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Seasonal Firefighters with some of the tools of the trade

Project Firefighter Recruitment

The National Parks SA Fire Management Program employs between 75 and 100 Project Firefighters (PFFs) every year who work for nine months from spring to autumn. They are based across 13 different worksites all across the state, and fighting fires and prescribed burning are just a part of the diverse range of tasks that they do in our National Parks and reserves.

Weed control pre and post burn is a highly important job and 10 staff are dedicated to this work full time when they are not involved in prescribed burning or fighting fires. This program is especially important in the Adelaide and Mount Lofty Ranges Region where there is a high level of disturbance weeds present across the landscape, many of which are fire responsive.

Track upgrades and maintenance works are another area of work that keep crews busy, as they ensure that tracks within the parks are safe to use for fire prevention and suppression. This also keeps the tracks nice for park visitors to walk and ride their bikes on. They do a lot of brushcutting and chainsawing along the edges of tracks to make sure the fire vehicles can travel down them safely without having to fight through overgrown vegetation.

In different regional areas across the State Project Firefighters get a different perspective again, working across vast areas and doing all kinds of work from fencing to using large machinery to maintain fire breaks.

Our PFFs have just finished their nine month seasonal contracts, and while many will return, fire management staff are looking for the next round of applicants to start work in spring.

You can see some of the faces of Fire Management in our new short video. Find out what motivates them and see some of the different jobs they might do on a day to day basis. Who knows, at the end of it you might feel inspired to apply yourself!

Fire Management Officer Libby counting native plant germination post burn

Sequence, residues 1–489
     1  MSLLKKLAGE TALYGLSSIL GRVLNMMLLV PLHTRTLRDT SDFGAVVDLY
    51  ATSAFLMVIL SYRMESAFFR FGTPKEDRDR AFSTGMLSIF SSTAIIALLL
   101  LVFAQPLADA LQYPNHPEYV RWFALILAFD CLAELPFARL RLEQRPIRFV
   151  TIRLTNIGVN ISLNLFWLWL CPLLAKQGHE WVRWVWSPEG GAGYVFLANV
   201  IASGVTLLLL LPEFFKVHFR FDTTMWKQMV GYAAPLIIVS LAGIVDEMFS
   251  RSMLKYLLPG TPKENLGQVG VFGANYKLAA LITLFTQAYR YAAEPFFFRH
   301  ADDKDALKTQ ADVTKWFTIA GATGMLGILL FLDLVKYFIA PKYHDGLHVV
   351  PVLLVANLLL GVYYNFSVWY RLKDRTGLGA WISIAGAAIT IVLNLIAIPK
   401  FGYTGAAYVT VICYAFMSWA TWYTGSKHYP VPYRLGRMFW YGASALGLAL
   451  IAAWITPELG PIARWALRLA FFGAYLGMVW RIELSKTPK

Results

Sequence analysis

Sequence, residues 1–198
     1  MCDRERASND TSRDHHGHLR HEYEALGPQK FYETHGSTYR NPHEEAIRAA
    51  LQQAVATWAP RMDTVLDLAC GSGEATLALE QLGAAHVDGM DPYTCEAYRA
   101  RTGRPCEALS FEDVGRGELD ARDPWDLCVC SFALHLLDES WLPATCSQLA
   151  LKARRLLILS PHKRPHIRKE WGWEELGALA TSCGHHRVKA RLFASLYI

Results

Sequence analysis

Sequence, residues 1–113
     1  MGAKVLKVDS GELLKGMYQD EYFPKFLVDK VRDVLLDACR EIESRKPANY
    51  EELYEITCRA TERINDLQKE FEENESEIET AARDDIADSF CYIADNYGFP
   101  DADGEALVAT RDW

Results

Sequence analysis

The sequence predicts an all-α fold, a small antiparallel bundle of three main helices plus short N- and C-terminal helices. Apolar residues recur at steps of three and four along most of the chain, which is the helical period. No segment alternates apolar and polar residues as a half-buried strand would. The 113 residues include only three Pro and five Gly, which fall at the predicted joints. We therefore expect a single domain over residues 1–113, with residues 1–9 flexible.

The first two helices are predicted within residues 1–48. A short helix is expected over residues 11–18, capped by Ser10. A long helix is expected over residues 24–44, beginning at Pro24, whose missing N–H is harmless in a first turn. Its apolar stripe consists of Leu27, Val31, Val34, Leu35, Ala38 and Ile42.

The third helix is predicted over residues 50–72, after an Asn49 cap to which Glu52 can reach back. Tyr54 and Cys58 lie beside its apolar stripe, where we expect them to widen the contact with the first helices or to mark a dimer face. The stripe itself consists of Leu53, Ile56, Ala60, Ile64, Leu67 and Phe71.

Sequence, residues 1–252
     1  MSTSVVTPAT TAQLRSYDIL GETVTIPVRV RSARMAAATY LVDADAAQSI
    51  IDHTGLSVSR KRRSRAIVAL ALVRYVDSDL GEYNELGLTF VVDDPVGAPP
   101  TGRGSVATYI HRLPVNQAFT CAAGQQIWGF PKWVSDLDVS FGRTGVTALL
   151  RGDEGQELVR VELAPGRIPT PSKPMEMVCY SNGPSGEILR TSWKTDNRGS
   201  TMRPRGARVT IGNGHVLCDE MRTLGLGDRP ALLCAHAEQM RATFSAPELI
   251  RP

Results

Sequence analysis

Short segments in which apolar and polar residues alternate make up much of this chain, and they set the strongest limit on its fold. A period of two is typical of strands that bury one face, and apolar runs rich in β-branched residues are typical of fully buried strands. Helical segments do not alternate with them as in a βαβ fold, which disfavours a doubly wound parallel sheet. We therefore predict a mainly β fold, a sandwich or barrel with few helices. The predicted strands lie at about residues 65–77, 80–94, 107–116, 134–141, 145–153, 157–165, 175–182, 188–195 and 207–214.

Threatened plant population booms following burn

It's always exciting for Fire Management ecologists and staff when we see the positive impact that fire can have on native plant species. It means that all the environmental asessments, monitoring, careful planning and weed control that goes into every prescribed burn on the program is really making a difference. It also proves that when well considered, fire can be used as a tool to improve the health of our native ecosystems.

This was the case with a population of Veronica Derwentiana subsp. homalodonta (Mount Lofty Speedwell), an EPBC listed critically engangered shrub. Environmental assessments in Scott Creek Conservation Park revealed a small population of around 30 plants to be present before the burn was undertaken. No new seedlings had been recorded at the site since the beginning of the monitoring activities. The burn was undertaken in spring 2016 and follow up counts have revealed the presence of 232 new seedlings in the site in the following months! This represents more than a 700% increase in the population of this rare, endemic species to the site as a result of these activities.

You can see the Mount Lofty Speedwell in the photo above. It is a lush, medium shrub, that could be mistaken for a weed due to its bright, lime green colour. It produces beautiful white flowers in spring, and can live for up to 25 years!

This is just one of numerous other native species that can be stimulated with the use of fire in the landscape. Many endangered orchids are also recorded following fire, which gives them the oportunity to emerge. The important thing with these results is what the team do next, which is the follow up with more monitoring and weed control  to ensure that weeds don't take over and outcompete the natives once more.

Fire Management at the World Environment Fair

Fire and the environment at the fair

World Environment Day weekend saw the launch of a new event this year at the Adelaide Showgrounds and the Fire Management team was there showcasing our equipment and information. 

Communtiy members had the oportuntiy to speak to staff from the National Parks SA Fire management brigade, dress up as a firefighter and find out more about what we do across the State for asset protection and environmental outcomes.

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